FAA let American Airlines fly planes that shouldn't have been considered airworthy after maintenance oversight lapses, DoT investigation finds
DOTreport says the FAA"lacks effective oversight" of American Airlines' maintenance safetyprograms.
The DOT Inspector General's office published a report that said the FAA does not effectively ensure American is taking corrective actions to address the root cause of maintenance issues on its aircraft or properly mitigate risks. When a plane malfunctions, the company is required to assess the risk of the issue, determine its root cause, and fix it, according to safety experts.
According to the DOT, the FAA has not ensured American is adequately assessing its broken aircraft and implementing the correct fixes, meaning the airline is not addressing the root problem that caused the malfunction. When this happens, the company leaves a potential safety concern unchecked.
The DOT said the reason for the lack of oversight was because FAA inspectors are not sufficiently trained, and some are not trained at all, in root-cause analysis or risk assessment. This caused them to accept lackluster root causes in 171 of the 185, or 92%, of maintenance issues reviewed from 2016 to 2020. In addition, FAA inspectors were closing out issues before American corrected them, so the agency could not ensure the airline actually took the safety action it said it would, potentially meaning the aircraft shouldn't fly at all.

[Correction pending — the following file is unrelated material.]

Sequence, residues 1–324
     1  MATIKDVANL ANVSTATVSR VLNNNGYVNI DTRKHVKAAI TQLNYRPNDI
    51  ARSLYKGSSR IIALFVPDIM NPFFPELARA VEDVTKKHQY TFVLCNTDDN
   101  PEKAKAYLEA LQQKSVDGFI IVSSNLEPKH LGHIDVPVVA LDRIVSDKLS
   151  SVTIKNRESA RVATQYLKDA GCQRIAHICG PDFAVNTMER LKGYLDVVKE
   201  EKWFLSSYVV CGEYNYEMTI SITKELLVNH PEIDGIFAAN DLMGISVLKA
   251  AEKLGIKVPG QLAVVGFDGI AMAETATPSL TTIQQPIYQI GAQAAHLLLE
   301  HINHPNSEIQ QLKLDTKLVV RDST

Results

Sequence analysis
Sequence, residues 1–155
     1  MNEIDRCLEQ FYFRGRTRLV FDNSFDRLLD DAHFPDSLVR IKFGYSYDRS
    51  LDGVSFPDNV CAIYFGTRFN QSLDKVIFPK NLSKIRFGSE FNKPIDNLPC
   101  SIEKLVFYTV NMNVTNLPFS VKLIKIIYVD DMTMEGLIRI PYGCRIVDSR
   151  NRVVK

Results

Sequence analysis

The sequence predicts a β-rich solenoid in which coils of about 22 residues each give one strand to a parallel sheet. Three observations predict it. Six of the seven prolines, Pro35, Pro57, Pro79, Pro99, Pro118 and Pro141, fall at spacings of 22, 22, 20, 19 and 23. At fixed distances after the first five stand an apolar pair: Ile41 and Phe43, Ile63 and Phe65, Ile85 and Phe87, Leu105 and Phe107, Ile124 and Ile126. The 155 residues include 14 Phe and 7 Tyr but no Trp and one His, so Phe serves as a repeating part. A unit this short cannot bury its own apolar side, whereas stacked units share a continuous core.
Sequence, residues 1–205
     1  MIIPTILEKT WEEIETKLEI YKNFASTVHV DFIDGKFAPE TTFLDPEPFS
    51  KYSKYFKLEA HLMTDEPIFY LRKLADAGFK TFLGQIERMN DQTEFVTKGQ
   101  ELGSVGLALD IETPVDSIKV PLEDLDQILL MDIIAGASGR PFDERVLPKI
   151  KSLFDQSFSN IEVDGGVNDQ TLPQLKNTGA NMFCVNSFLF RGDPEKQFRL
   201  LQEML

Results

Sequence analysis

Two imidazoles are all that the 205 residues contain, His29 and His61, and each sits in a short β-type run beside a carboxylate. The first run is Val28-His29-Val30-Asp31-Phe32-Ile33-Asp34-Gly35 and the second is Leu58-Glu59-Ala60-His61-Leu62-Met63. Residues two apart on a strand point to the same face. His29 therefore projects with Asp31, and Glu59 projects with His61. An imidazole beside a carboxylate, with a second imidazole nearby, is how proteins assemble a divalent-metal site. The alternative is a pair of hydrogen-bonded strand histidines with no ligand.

Safety inspectors were also reportedly not trained to ensure American's safety management system is effective, which is a required program used at airlines to identify and address safety concerns before an event actually occurs. Because inspectors were not properly trained, American did not fix the issue.
The report documents several maintenance incidents at American, including an aircraft that flew for 877 days with a broken emergency slide. According to Reuters, American said it reported the slide issue as soon as it was discovered in line with its maintenance program procedures, but the FAA said that because the problem was not given a high enough risk assessment, it did not get the attention it should have, allowing the plane to fly with insufficient safety equipment.
Another case revealed American failed to risk assess an engine that had incorrectly installed struts, which secure the engine in place. Without the risk assessment prompting a fix of the problem, which is how safety systems at airlines are intended to work, the plane flew 1,002 flights when it shouldn't have been flying at all, according to the DOT.
American Airlines has gone almost 20 years without a fatal accident, but the insufficient oversight from the FAA is concerning, according to the DOT. In its report, the DOT made recommendations to improve the oversight, including providing better training to inspectors and implementing procedures that ensure corrective actions are taken before cases are closed.
American defended its safety approach in a statement to Insider but said it welcomes the DOT's assessment.
"Nothing is more important than the safety of our customers and team members," American told Insider. "It guides every decision we make and action we take, and we're proud of our strong safety culture and safety record."
"This has always been our approach: Open, transparent communication and collaboration with our regulators and immediate action to remedy issues and ensure the continued safety of our airline and the industry," the carrier said. "We plan to work with the FAA to ensure we take positive action and continuously refine and improve our safety controls."
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